Cross border merger leads to large productions of goods and services with fewer inputs which helps in gaining efficiency. Apart from this it also benefits the Indian economy such as increased productivity, increases in economic growth and development particularly gaining market power and dominance. When the companies become larger than it is easy to reap the benefits of size in competition and negotiation.
Innovation in technology reduces costs
The immense progress in technology and innovation has reduced the costs involved, may it be in production or to provide services. The factors of production majorly have a reduced labour force and being replaced by machinery which works double that of the speed of a human. The research and development costs are distributed over a broader base which enables us to reduce costs.
Cross border mergers allow global transfer of capital, goods and services, intellectual property, technology and unites for universal networking and effectively reducing the cost. Although restructuring may lead to downscaling, in the long term it would lead to employment gains. It is essential sometimes for the continuity of business operations to downsize. Downsizing would in the long run expand the business and successfully create new employment opportunities.
When firms from different jurisdictions integrate, it brings positive effects of investments made in India because there is sharing of best management skills and practices. This results in moving away from age-old practices and encourages a company to modify and innovate which influences the operations of the company.
Therefore the combined company can reduce its fixed costs by eliminating duplicate departments or operations, reducing the costs of the company vis-a-vis the same source of revenue, thus increasing profits.
Types of cross border mergers
There are different types of cross border mergers. The most popular forms of mergers are vertical, horizontal, reverse, forward, product extension, conglomerate, and congeneric. Owing to globalisation and technology we even have marketplace extension or marketing/technology associated concentric mergers.
In this method, the foreign company mergers with or acquires shares in an Indian organisation. An example of Inbound Merger is Daiichi acquired Ranbaxy.
In this method, an Indian company merges with or acquires shares in a foreign company. An example of the outbound merger is Tata metal acquiring Corus.
There are few more examples of cross border mergers such as Wipro Limited merging its wholly-owned subsidiaries (Wipro Technologies Austria GmbH, Wipro Information Technologies Austria GmbH, Newlogic Technologies SARL and Appirio India Cloud Solutions Private Limited). Further, Sun Pharmaceutical Industries Limited (“Sun Pharma”) had filed a scheme of arrangement which provided for the demerger of business of generic products of Sun Pharma Global FZE into Sun Pharma. The synergies between Facebook and Reliance’s Jio Platforms rocked the country last year proving a giant leap in alliance for digital technology.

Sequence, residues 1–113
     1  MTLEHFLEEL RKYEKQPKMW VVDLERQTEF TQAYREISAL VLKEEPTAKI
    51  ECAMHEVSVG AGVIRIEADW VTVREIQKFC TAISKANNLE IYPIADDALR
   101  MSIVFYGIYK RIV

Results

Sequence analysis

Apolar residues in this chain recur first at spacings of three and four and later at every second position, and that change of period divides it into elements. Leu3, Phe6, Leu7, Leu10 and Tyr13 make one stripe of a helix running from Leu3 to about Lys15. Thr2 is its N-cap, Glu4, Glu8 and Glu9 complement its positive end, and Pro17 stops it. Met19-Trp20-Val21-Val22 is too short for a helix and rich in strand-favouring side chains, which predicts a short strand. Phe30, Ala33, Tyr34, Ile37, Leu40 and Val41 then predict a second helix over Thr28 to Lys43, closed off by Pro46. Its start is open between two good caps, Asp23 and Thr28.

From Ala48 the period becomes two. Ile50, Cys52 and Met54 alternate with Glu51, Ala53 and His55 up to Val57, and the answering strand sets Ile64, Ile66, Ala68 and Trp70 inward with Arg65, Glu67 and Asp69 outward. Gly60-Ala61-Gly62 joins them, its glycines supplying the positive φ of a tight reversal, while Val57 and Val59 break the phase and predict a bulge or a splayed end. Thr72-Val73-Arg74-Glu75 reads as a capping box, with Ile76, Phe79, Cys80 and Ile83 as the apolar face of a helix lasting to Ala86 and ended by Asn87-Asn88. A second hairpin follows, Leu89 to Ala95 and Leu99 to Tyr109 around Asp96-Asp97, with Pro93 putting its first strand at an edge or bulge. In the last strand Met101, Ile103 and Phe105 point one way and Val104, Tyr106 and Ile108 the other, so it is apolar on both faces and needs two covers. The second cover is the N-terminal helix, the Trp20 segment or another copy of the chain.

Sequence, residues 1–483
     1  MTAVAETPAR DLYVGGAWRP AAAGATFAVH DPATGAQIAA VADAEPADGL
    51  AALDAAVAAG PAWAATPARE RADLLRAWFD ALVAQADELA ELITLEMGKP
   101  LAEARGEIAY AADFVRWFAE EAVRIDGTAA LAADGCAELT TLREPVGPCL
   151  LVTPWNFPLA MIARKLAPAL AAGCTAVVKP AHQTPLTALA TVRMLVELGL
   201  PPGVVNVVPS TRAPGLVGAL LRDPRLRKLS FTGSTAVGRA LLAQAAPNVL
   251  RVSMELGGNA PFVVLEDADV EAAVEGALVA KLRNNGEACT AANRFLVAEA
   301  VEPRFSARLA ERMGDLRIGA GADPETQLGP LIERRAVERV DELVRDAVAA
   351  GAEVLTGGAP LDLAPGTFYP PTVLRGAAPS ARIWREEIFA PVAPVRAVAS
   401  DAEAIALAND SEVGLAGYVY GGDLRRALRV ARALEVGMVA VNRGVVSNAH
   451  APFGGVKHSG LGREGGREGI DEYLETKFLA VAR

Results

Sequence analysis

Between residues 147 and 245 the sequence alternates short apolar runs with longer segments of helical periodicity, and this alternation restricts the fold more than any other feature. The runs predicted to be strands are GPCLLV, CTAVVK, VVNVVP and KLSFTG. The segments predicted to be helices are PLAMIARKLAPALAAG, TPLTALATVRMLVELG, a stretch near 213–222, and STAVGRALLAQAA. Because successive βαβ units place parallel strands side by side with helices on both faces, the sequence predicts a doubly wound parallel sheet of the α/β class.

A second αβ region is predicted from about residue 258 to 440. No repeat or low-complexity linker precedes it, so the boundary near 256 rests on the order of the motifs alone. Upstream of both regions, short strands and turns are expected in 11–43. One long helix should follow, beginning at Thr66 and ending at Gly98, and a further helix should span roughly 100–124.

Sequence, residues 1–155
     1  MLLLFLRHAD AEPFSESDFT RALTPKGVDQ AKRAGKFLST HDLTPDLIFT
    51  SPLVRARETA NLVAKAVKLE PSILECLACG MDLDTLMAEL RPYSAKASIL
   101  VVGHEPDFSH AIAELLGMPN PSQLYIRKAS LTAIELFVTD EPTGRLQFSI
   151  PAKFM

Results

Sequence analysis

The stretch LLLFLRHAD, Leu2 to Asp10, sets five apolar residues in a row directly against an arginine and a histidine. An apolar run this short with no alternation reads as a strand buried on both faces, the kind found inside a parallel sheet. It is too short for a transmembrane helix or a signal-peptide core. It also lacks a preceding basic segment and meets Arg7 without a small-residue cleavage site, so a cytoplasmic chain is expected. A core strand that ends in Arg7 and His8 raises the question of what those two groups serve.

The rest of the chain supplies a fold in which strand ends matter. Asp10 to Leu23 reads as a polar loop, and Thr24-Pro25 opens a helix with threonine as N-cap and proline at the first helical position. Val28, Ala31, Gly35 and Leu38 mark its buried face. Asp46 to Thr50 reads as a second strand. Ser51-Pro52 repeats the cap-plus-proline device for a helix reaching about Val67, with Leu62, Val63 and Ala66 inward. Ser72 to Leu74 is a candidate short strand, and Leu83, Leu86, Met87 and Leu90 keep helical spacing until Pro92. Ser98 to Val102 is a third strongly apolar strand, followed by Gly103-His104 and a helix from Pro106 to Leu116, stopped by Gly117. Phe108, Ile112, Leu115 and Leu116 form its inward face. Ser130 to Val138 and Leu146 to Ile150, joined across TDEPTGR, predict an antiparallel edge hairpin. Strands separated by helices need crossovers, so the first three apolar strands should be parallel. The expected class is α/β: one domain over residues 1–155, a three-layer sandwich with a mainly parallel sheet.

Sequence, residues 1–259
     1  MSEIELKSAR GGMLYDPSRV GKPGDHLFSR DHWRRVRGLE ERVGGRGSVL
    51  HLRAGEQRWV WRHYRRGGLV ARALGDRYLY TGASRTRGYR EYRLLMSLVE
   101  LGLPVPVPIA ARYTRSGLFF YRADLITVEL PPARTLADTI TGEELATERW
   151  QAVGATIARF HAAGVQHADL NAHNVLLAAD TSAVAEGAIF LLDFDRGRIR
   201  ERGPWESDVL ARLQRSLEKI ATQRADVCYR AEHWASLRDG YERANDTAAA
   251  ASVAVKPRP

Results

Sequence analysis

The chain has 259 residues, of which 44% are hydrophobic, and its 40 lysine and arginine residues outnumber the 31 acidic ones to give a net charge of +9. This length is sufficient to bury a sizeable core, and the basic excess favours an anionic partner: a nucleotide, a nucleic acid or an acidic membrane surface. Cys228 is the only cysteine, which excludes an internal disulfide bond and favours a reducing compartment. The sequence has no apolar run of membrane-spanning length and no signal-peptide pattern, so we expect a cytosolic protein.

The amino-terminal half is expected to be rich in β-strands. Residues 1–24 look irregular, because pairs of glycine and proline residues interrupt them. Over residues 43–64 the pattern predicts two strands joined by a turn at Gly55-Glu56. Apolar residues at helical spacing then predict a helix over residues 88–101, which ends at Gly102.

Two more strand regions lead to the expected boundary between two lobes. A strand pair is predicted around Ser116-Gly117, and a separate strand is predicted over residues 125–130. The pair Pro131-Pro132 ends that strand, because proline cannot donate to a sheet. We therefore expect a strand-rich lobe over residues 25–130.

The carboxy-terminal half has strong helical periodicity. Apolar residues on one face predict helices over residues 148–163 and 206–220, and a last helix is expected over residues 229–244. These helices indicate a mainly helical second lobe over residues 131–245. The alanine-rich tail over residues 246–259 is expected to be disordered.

Laws governing cross border mergers in India
The political scenario of India plays an important role to open economies and liberalise the markets. The government policies and regional agreements also provided a boost to cross border mergers as most foreign investors developed an interest in modern India. Over the period, India became the most important and favourable region to explore.
The legal framework for cross border mergers in India is provided by Section 234 of the Companies Act, 2013. This has been notified and effective 13th of April, 2017, hence the concept of cross border merger became operational.
The cross border merger between domestic companies and foreign companies is legally structured under Section 234 of the Companies Act, 2013. To elaborate, Section 234 of the Companies Act, 2013 provides that the provisions as applicable to arrangements and amalgamations between Indian companies apply on a mutatis mutandis basis even to the cross-border mergers. Further compliances for cross-border merger or amalgamation of a company are:
- The Indian company to obtain prior approval from the Reserve Bank of India
- Consideration has to be discharged in cash or in depository receipts or partly in cash and partly in depository receipts.
In addition to the above, the following laws govern cross border mergers in India:
- Companies Act, 2013 and the relevant rules
- Competition Act, 2002
- Insolvency and Bankruptcy Code, 2016
- Income Tax Act, 1961
- SEBI (Substantial Acquisition of Shares and Takeovers) Regulations, 2011
- The Department of Industrial Policy and Promotion (DIPP)
- Foreign Exchange Management (Cross Border Merger) Regulations, 2018
- Foreign Exchange Management Act, 1999 (FEMA)
- Foreign Exchange Management (Non-debt Instruments) Rules, 2019
- Foreign Exchange Management (Debt Instruments) Regulations, 2019
- Transfer of Property Act, 1882
- Indian Stamp Act, 1899
- IFRS three Business Combinations
Section 234 of the Companies Act, 2013 (Companies Act) and Rule 25A of the Companies (Compromises, Arrangements and Amalgamations) Rules, 2016 (Companies Merger Rules) provides for mergers and amalgamations between Indian companies and foreign companies. These provisions mandate prior approval of the Reserve Bank of India (RBI) for the sort of cross border mergers.